“We are fortunate to be able to look to other parts of the world that have had a long history with advanced waste and resource recovery technologies and learn from them.”

Rob says the business case phase is scheduled for completion in June of this year. It will include a regional business case as well as a cluster business case for groups of councils interested in going to market with an alternative waste treatment solution. Clusters of councils, which comprise metropolitan areas such as Melbourne’s south-east, inner, north and west, will have the option of entering into public-private partnerships and in the long-term potentially self-funded infrastructure.

“We will facilitate and do the contract documentation and go to market, so we basically act as the principal of the contract,” he says.

As MWRRG facilitates group procurements on behalf of local government, the Department of Environment Land and Planning will enable the policy and land use planning framework. At the same time, the Environment Protection Authority Victoria will regulate the operations and impact of any advanced treatment facility.

Rob says the south-east is likely to be the first cluster that will go to market later this year, with the inner and north-west councils likely to go to market at a later stage. “We’re on track to go to market with the first cluster and we believe there will be a number of cluster contracts after,” he says.

MWRRG has plans to work with local government and industry to ensure that the amount of residual waste going to landfill in 2026 is no more than that which was sent to landfill in 2015. It plans to achieve this through resource recovery infrastructure that can manage 500,000 tonnes of waste per annum through an integrated network of resource recovery facilities that will treat food and garden organics and residual waste.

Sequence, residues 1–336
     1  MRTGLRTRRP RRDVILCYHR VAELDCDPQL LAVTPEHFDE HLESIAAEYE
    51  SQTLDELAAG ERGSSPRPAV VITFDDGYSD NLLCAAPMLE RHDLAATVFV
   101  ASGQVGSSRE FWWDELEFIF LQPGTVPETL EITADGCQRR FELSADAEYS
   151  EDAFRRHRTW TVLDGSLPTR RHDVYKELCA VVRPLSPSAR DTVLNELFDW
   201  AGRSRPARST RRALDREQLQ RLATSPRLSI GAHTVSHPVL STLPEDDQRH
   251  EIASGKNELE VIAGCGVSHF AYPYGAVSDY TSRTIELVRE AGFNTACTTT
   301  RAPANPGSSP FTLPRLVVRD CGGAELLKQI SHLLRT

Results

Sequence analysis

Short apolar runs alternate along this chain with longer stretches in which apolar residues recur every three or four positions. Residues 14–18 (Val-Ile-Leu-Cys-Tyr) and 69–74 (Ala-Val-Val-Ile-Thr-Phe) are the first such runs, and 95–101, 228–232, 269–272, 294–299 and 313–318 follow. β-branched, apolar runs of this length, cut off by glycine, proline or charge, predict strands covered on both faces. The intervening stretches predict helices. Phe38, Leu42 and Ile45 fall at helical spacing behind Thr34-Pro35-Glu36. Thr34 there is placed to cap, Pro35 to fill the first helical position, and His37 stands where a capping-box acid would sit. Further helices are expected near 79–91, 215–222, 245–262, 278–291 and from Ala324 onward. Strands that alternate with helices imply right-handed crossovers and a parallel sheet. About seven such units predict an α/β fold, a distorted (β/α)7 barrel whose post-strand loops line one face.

The Metropolitan Implementation Plan includes a commitment to not schedule any new landfills before 2026. This means that new resource recovery infrastructure will be required to divert waste from landfill.

“Our current network of landfills meets our needs if we start building these other facilities. If we can continue this momentum we won’t need to build another landfill,” Rob says.

The current business case project is designed to inform a program of infrastructure procurement for local government that aims to deliver new infrastructure capacity by leveraging investment from the private sector. MWRRG will monitor its progress and review the region’s landfill capacity requirements in 2019.


In metropolitan Melbourne, about 42 per cent of municipal solid waste and commercial and industrial waste sent to landfill is food and garden organic waste. The implementation plan aims to reduce the impact of organics in landfill by recovering more of this waste through an advanced processing network.

“In 2010-11, EPA Victoria closed a number of organics facilities and we lost 50 per cent of our processing capacity because the facilities couldn’t meet the necessary environmental emissions requirements. At the time, MWRRG’s role was to provide overflow arrangements to keep organics processing going in Melbourne.”

Rob says since then, MWRRG has been working with clusters of councils to establish new facilities, having gone to market and securing contracts with a range of service providers.

“You’ve got public organisations such as Yarra Valley Water looking at a second anaerobic digester so we’re moving in the right direction with food and garden waste,” he says.

The infrastructure is building, he says, it’s now just a matter of spreading the word to the major waste generators.

“One of the major roles we have is having those conversations with the waste generators, including the retail and hospitality sectors to get them to understand the opportunities they have to become a greener business rather than taking it to landfill.”